what analyst Judith Hurwitz refers to as a PaaS anchored to a SaaS
environment. Another way to think about
this is that software is increasingly expected to surface APIs so that users
can extend and integrate that software as they need to. These APIs and
surrounding tooling may constitute a sufficiently rich and extensible
environment to be considered a PaaS (as in the case of Salesforce).

The blending of IaaS and PaaS

Given the relationship I've described, it's reasonable to ask whether IaaSs
won't just add abstractions until they're PaaSs or whether PaaSs won't just
build in the infrastructure they need until they don't need a discrete IaaS

This will happen in some cases. Azure is an example of a PaaS offering that is
a monolithic stack (and which can now also run operating system images as well
as .NET applications). A variety of AWS services go beyond the infrastructure
layer (databases, Hadoop, Elastic Beanstalk).

However, as discussed above, IaaS and PaaS often address different types of
consumers--who may have different types of requirements--so there will likely
be benefits  in many cases to having a PaaS that is discrete from (but
integrates well with) an IaaS as well as other types of software.

How might this integration work with OpenShift and OpenStack?

OpenShift, like other PaaSs on the market, uses a form of Linux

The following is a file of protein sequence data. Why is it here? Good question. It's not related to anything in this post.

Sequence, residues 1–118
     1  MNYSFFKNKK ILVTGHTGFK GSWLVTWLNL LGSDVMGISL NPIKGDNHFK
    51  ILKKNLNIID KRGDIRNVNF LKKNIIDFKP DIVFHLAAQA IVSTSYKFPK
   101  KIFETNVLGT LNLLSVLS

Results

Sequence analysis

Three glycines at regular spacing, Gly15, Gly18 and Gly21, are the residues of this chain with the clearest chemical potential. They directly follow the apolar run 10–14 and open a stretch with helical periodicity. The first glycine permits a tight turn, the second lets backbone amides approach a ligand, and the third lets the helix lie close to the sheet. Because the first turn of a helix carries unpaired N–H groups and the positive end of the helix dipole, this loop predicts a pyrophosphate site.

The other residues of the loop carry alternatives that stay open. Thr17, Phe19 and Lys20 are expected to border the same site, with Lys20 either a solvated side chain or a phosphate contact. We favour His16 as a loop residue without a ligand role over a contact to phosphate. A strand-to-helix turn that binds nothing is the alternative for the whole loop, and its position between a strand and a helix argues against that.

containers. (Red Hat's now collaborating with
Docker on containers; Docker is planned for
inclusion in Red Hat Enterprise Linux 7). They're lightweight and quick to spin up and spin
down. However, to the degree that OpenStack and OpenShift don't talk to each
other, neither has any visibility into optimization possibilities. However,
as Red Hat's Matt Hicks notes, if a PaaS

is natively integrated into OpenStack, things get really interesting. The
containers themselves could be managed in OpenStack, opening up full
visibility to the operations team. They wouldn’t just see a virtual machine
that is working really hard, they would see exactly why. It would enable them
to start using projects like Ceilometer to monitor those resources, Heat to
deploy them, etc. In other words they could start leveraging more of OpenStack
to do their jobs better.

The OpenStack Solum project is one of the parts that Red Hat (along with a
variety of other companies) is working on with an eye to this sort of
integration. Solum is intended to meet various needs of developers (integrated